SC: Your book focuses on change. It seems that the culture, the spirit of Aloha, and the fierce independence inherent in Hawaii’s culture should bode well for a self-sustaining economy. But that’s not where it is right now, so how do you foresee the change happening?

ST: There’s this piece of Hawaii’s cultural history that was all about decentralization. The word for it is Ahupua’a. Historically, the mountain islands were managed as if they were cut into a pizza pie–each tribe would control its own slice of the pie, which contained its watershed all the way to the sea. Similarly, back in the days of the sugar cane industry, the state had distributed power. Now it is centralized, and now we’re trying to get back to distributed. So there’s an interesting historical perspective. We’ll have to wait and see how it plays out.

SC: There’s this key moment in your book where your early group, which was called Sustainable Saunders at the time, helped the University of Hawaii system save $150,000 annually by making two relatively simple changes that cost the university nothing. Your book then focused on how people can emulate and replicate that success. You give 30 Axioms for change that are helpful in implementing change in other organizations. Where has that gone from your initial success?

ST: Our group partnered with the Blue Planet Foundation which is working with Energize Hawaii, an organization that teaches ten employees at a variety of companies to do the measurement of comfortable air temp for setting temp controls on HVAC systems. As another example, the DOE is hiring interns through the RISE programs Rewarding Internships for Sustainable Employment to help bring this kind of energy auditing to high schools.

SC: One of the things that really shocked me in your book was your mention of the Hawaii 2050’s Task Force on Sustainability’s Survey. The authors organized that information by plotting Pro-Environment attitudes against Pro-business attitudes along the x-axis. In general, do you feel business viewed as anti-environment and vice versa in reality in the state of Hawaii?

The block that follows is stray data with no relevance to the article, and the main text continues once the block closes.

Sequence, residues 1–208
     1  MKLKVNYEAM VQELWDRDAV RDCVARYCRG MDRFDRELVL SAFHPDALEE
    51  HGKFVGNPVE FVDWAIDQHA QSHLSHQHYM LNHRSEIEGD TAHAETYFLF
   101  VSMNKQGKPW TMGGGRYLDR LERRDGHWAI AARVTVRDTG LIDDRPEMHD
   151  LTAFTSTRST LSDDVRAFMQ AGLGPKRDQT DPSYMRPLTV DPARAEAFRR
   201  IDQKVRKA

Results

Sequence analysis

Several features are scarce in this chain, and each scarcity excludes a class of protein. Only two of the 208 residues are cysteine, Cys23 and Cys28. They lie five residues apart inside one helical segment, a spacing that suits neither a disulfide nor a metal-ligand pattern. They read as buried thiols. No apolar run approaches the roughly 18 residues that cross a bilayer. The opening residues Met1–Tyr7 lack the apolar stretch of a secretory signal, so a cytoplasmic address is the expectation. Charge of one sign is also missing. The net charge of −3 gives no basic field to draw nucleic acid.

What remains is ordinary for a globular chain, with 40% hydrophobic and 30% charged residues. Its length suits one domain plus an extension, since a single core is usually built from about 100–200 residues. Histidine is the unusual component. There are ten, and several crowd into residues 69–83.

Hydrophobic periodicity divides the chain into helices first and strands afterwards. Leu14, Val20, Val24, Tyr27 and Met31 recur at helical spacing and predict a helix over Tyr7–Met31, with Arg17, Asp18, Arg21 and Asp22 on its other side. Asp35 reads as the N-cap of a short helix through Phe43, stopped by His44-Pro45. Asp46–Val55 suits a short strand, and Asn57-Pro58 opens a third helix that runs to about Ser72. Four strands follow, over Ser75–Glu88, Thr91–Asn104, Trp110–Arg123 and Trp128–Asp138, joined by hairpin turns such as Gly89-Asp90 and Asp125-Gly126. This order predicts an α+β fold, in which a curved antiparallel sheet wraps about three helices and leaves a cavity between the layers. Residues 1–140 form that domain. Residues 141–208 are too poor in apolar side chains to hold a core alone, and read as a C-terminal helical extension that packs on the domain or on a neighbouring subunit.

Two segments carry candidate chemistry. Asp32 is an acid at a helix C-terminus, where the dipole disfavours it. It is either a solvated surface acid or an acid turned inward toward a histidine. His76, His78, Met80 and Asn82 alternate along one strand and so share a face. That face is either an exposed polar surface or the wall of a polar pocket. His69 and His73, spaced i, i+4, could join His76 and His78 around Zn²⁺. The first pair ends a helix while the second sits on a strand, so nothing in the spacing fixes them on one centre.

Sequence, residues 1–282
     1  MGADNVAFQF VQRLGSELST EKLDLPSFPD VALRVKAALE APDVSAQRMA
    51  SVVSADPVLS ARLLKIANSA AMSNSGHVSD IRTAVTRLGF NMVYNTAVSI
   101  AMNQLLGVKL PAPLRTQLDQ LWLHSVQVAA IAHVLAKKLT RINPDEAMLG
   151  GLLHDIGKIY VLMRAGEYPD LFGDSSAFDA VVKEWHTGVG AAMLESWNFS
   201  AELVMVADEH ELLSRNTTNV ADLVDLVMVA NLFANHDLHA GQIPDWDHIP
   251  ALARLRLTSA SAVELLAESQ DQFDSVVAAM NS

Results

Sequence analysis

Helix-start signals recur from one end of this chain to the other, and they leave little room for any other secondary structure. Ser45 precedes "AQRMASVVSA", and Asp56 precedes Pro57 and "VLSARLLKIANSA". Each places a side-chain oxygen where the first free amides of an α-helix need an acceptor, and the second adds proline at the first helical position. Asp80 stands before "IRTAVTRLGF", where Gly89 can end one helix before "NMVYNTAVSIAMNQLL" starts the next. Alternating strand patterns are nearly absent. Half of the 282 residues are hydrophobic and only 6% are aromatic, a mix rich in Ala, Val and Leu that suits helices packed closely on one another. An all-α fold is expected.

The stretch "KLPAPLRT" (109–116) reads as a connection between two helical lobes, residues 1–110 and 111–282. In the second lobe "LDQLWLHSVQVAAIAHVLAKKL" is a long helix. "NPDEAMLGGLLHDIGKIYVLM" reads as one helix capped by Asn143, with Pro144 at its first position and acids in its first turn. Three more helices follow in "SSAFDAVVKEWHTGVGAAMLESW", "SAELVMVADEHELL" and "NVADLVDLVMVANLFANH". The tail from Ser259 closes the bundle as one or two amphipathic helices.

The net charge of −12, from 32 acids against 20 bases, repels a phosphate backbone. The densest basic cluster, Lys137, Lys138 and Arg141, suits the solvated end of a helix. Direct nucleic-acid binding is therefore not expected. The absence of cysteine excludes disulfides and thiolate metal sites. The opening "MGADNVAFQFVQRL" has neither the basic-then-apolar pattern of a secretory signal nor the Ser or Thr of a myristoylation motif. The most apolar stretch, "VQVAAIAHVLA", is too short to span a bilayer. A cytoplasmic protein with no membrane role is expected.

ST: There has been a movement toward a local, green economy in the years since that report was published that shows that this perception is changing and evolving.  Local businesses, and national companies like Johnson Controls which has performance contracts with the UH Community Colleges, have showed repeatedly that sustainably minded businesses are profitable and thriving.

SC: What about the pace of change in Hawaii?

ST: Just like everywhere else, it seems, there are those in the know, and then those who have never even been exposed. Several organizations started at roughly the same time as ours, and there are pockets of knowledge. The major institutions are on board. Time will tell about the pace of adoption in the broader community.

Follow Scott Cooney, author of Build a Green Small Business (McGraw-Hill) on Twitter at, and find more information about Trevenna at

Scott Cooney, Principal of and author of Build a Green Small Business: Profitable Ways to Become an Ecopreneur (McGraw-Hill, November 2008), is also a serial ecopreneur who has started and grown several green businesses and consulted several other green startups. He co-founded the ReDirect Guide, a green business directory, in Salt Lake City, UT. He greened his home in Salt Lake City, including xeriscaping, an organic orchard, extra natural fiber insulation, a 1.8kW solar PV array, on-demand hot water, energy star appliances, and natural paints. He is a vegetarian, an avid cyclist, ultimate frisbee player, and surfer, and currently lives in the sunny Mission district of San Francisco. Scott is working on his second book, a look at microeconomics in the green sector.In June 2010, Scott launched, a sustainability consulting firm dedicated to providing solutions to common business problems by leveraging the power of the triple bottom line. Focused exclusively on small business, GBO's mission is to facilitate the creation and success of small, green businesses.